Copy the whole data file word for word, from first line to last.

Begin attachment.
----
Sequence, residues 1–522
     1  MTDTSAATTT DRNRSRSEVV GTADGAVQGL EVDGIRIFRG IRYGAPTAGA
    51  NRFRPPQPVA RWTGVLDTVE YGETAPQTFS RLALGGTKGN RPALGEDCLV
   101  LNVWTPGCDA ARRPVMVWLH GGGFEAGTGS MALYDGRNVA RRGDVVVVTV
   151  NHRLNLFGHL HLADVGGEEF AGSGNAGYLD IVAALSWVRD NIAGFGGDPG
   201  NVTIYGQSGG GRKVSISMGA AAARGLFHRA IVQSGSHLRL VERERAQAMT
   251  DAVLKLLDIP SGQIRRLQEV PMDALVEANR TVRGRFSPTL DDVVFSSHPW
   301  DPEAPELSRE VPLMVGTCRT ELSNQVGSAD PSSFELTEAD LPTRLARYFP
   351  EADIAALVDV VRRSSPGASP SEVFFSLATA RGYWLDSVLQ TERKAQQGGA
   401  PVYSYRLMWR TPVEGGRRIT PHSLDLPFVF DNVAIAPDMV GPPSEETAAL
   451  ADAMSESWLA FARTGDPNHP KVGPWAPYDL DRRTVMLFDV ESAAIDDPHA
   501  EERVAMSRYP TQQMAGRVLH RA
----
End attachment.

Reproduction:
Sequence, residues 1–522
     1  MTDTSAATTT DRNRSRSEVV GTADGAVQGL EVDGIRIFRG IRYGAPTAGA
    51  NRFRPPQPVA RWTGVLDTVE YGETAPQTFS RLALGGTKGN RPALGEDCLV
   101  LNVWTPGCDA ARRPVMVWLH GGGFEAGTGS MALYDGRNVA RRGDVVVVTV
   151  NHRLNLFGHL HLADVGGEEF AGSGNAGYLD IVAALSWVRD NIAGFGGDPG
   201  NVTIYGQSGG GRKVSISMGA AAARGLFHRA IVQSGSHLRL VERERAQAMT
   251  DAVLKLLDIP SGQIRRLQEV PMDALVEANR TVRGRFSPTL DDVVFSSHPW
   301  DPEAPELSRE VPLMVGTCRT ELSNQVGSAD PSSFELTEAD LPTRLARYFP
   351  EADIAALVDV VRRSSPGASP SEVFFSLATA RGYWLDSVLQ TERKAQQGGA
   401  PVYSYRLMWR TPVEGGRRIT PHSLDLPFVF DNVAIAPDMV GPPSEETAAL
   451  ADAMSESWLA FARTGDPNHP KVGPWAPYDL DRRTVMLFDV ESAAIDDPHA
   501  EERVAMSRYP TQQMAGRVLH RA